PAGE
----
The only other formation I met with on the West Island is an extensive sand stone formation different from all the others, which forms all the low land round the bays on the West side and I think will be found to extend over the whole central valley it is nearly horizontal, in some places it is more compact than in others and of a dark Color but generally a dirty Yellow, having black lines apparently of some vegetable origin in it but I could never find any trace of even a leaf. it contains numerous nodules of Iron Pyrites, about the size of Grape shot, and in one spot a bed of (apparently) ferruginous stone or almost Iron ore, at least so I fancy it to be. in some places small crystals almost like the Yellow Topaz, and the layers in other places are filled with a shining sparkling mineral like thin gold colored mica— I have called this on the specimens the “Shallow Harbor Sand Stone”— I hope to examine this well next season and I will try hard to find fosils but fear I shall not be able. This is all I can tell you now of the geology, and I hope with the aid of chart & specimens you will be able to make it out—

Now comes the most extraordinary puzzle to me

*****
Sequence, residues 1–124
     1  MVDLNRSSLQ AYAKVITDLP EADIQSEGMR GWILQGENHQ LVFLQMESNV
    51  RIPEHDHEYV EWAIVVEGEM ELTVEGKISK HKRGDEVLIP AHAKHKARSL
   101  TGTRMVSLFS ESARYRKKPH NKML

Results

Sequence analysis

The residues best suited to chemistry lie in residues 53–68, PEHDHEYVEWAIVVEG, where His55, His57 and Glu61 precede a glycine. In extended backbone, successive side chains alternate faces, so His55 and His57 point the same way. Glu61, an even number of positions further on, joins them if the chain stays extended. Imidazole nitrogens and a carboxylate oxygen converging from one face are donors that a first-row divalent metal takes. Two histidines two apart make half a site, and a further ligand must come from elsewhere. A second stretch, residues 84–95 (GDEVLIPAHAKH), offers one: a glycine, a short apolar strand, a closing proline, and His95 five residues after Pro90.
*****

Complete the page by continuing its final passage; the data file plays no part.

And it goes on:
The Governor12 told me he had sent home specimens of coal found on the West Island and Choiseul Sound we saw some of what was said to be the same, and we examined the places but could find no coal or beds of any kind resembling it. however we found often a black substance resembling coal, which we were convinced was formed from Cinders of the Peat as we found the surface had been burnt previously. and as the peat often catches and continues to burn for some time we thought some substance in the peat acted on by heat had causes these cinders which certainly looked rather like coal but I should have thought would have deceived no one. in one place we set fire to an Island, & three months after the peat was on fire under the surface, occasionally fanned into a flame by the wind might not this have caused the formation of these cinders— but now comes the difficulty. I have received orders from the Admiralty to examine and report on the beds of coal, the specimens having been declared by Mr. De La Beche to be coal of good quality. now is it possible he could so mistake or has the person who professed to find this coal (one of Whitington’s vessels) have purposely deceived the governor with coal out of the vessels hold, or has it been found at the old settlement at Port Egmont, where we occasionally picked up buckets of Coal Pebbles on the beach evidently where coal had been landed in olden times, yet where it was said to be found was far distant from Port Egmont. if you can see Mr De la Beche do ask him about it and let me know.